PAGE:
The most common risk factors for flucloxacillin-related hepatotoxicity are the female gender, age above 60 years, and duration of treatment exceeding two weeks.4 The HLA system plays a key role in immune-mediated adverse reactions to drugs. The HLA-B*5701 allele is common in northern Europe, and it is estimated that it occurs in 6-8% of the general European population. Studies show that 84.3% of patients with hepatitis due to flucloxacillin have the HLA-B*5701 and 80 times greater risk of being affected.5 HLA typing can substantiate the diagnosis of hepatotoxicity due to specific drugs; however, its validation is required before recommending routine implementation, since it is currently not cost-effective.2

The diagnosis of hepatotoxicity depends on a high index of suspicion and is based on a compatible temporal relationship, a suggestive analytical pattern of liver enzymology, improvement after suspension of the drug (with known toxicity), concomitant manifestations of hypersensitivity, exclusion of other etiologies, and application of diagnosis scales.6 Lymphocyte transformation tests may also be useful.3 A liver biopsy can substantiate the clinical suspicion of hepatotoxicity, provide important information about its severity, and help exclude other potential causes of liver injury;7 however, there are no histological characteristics that unequivocally confirm the diagnosis.7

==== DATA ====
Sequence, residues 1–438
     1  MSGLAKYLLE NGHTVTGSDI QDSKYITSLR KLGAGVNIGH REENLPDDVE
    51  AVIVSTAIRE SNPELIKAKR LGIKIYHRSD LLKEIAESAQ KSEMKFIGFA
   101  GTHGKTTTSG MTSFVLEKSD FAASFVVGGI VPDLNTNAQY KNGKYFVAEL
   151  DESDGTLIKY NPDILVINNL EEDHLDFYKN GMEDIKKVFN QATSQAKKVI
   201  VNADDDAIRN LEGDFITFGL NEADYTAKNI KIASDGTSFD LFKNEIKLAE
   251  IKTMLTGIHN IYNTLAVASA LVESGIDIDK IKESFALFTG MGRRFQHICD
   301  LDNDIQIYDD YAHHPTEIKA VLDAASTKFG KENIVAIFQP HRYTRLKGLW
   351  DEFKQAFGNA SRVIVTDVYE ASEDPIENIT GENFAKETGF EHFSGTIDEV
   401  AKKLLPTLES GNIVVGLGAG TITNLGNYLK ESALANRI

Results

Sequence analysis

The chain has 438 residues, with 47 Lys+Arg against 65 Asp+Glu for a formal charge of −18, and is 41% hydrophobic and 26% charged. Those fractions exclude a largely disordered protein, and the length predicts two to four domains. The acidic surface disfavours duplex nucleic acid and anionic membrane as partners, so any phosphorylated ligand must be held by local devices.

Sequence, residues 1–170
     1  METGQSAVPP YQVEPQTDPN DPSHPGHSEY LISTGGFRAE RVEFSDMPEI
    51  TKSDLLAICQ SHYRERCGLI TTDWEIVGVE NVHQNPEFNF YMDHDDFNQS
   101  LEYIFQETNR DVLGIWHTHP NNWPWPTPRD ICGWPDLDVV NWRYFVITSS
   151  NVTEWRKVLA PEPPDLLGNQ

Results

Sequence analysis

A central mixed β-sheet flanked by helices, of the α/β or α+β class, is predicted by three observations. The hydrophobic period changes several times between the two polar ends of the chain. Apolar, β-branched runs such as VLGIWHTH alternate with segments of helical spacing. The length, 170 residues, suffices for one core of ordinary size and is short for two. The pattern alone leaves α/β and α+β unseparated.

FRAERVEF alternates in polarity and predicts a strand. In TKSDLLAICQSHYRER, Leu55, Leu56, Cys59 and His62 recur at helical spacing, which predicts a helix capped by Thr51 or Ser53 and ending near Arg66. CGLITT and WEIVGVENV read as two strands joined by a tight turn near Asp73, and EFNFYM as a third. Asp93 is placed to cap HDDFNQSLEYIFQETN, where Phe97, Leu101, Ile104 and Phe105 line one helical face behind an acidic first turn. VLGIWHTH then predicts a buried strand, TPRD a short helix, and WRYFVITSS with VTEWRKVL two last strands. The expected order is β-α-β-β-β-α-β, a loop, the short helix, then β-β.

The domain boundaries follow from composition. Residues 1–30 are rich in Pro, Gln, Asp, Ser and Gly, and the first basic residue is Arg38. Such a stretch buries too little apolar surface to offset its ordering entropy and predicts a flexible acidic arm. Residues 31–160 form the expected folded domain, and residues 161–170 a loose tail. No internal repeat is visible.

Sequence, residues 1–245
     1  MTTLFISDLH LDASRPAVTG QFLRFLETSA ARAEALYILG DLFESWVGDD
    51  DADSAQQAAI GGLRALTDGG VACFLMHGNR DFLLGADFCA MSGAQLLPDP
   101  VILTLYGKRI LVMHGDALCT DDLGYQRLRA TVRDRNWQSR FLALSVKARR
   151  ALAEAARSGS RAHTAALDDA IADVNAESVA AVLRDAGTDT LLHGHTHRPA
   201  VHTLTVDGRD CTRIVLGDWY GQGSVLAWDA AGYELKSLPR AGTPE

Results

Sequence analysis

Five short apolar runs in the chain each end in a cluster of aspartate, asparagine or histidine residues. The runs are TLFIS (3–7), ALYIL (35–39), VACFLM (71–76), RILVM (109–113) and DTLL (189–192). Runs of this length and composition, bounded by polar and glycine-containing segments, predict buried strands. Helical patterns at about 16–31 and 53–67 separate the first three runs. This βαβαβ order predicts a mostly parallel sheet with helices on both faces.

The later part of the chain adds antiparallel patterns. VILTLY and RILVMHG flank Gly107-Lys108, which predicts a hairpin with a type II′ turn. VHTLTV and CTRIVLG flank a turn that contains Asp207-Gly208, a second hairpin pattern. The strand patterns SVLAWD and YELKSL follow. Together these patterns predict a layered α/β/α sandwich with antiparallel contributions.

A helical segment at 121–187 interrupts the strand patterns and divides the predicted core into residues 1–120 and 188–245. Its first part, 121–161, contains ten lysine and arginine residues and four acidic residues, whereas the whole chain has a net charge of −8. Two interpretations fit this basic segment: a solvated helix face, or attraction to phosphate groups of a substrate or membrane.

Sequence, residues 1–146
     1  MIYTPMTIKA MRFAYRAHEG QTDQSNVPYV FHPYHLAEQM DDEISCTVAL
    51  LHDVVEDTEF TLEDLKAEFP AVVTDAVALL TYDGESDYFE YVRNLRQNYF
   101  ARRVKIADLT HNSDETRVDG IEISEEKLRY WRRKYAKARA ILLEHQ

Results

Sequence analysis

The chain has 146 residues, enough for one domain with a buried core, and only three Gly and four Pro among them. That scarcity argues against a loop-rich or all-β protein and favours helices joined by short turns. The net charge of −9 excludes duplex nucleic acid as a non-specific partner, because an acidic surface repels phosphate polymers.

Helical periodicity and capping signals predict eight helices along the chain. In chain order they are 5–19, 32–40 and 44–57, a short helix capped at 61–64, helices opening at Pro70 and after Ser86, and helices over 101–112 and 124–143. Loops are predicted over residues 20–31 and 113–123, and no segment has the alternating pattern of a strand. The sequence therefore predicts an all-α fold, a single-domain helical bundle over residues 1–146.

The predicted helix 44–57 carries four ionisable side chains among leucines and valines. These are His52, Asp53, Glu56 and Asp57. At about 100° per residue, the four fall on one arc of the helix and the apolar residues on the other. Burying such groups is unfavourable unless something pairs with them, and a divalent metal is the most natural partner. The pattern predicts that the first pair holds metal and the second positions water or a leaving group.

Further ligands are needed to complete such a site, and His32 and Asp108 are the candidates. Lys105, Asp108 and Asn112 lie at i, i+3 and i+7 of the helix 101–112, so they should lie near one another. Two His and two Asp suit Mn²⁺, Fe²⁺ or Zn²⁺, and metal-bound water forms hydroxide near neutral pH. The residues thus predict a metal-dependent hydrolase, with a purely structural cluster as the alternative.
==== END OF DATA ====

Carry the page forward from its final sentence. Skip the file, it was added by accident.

CLINICAL CASE

A man, 74 years old, self-employed, metallurgical worker, attended the emergency service due to asthenia, anorexia, nausea, abdominal discomfort, and mild fever (maximum axillary temperature of 38.1 ºC) with three days of evolution. There was a reference to two previous eight-day cycles of antibiotic therapy with flucloxacillin 500 mg 8/8h due to erysipelas (three months and two weeks prior to admission). He had a history of monoclonal gammopathy under investigation, previous brucellosis for nearly 30 years, benign prostate hypertrophy treated with transurethral resection, and left inguinal hernioplasty. There was no usual chronic medication. Alcohol habit: 24 g/day. There were no other noteworthy habits.

Upon objective examination, the patient was hemodynamically stable, feverless, with hydrated and rosy mucous membranes, subicteric. His abdomen was soft, without palpable masses or enlarged organs, with slight discomfort upon general palpation, without defense or signs of peritoneal irritation, with air-fluid noises of normal timbre. There was no evidence of chronic liver disease.

Analysis showed hemoglobin 15.0 g/dL, VGM 92.6 fL, leucocytes 5.6x 109/L, platelets 185 x 109/L, AST 349 U/L (N: 4-43), ALT 646 U/L (N: 4-43), FA 302 (N: 25-100) U/L, GGT 652 U/L (N: 7.0-49.0), total bilirubin 3.3 mg/dL(N:0.3-1.2), direct bilirubin 2.72 mg/dL (N: 0.10-0.50), normal LDH, amylase, and lipase, normal coagulation, and albumin 4.0 g/dL. Renal function and ionogram without alterations, CRP 3.96 mg/dL (N<0.50) (Table 1). An abdominal ultrasound showed liver, pancreas, and spleen without evidence of lesions of acute nature; the gallbladder was a bit distended, without other evident changes.

TABLE 1 ANALYTICAL INVESTIGATION OF THE PATIENT. 

Analysis Results Reference values
Complete blood count
Leukocytes Neutrophils Lymphocytes Monocytes Eosinophils Basophils 5.6 x109/L 2.4 x109/L (42.8%) 1.5 x109/L (27.0%) 0.9 x109/L (16.7%) 0.7 x109/L (13.0%) 0.0 x109/L (0.5%) 4.5 - 11.5
Hemoglobin 15.0 g/dL 14.0 - 18.0
Platelets 185 x109/L 150.0 - 450.0
Coagulation and Hemostasis
Prothrombin index 89 % 70.0 - 100.0
INR 1.06
APTT 28.8 seconds 21.9- 32.9
Biochemistry
Albumin 4.0 g/dL 3.5 - 5.0
Amylase 20 UI/L 8-53